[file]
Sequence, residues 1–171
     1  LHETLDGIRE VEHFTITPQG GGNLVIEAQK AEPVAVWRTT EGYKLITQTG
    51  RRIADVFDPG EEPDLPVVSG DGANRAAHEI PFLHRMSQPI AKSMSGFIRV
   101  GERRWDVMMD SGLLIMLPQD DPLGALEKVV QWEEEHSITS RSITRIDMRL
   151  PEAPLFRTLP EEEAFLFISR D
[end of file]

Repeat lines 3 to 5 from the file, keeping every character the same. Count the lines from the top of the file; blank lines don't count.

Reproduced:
    51  RRIADVFDPG EEPDLPVVSG DGANRAAHEI PFLHRMSQPI AKSMSGFIRV
   101  GERRWDVMMD SGLLIMLPQD DPLGALEKVV QWEEEHSITS RSITRIDMRL
   151  PEAPLFRTLP EEEAFLFISR D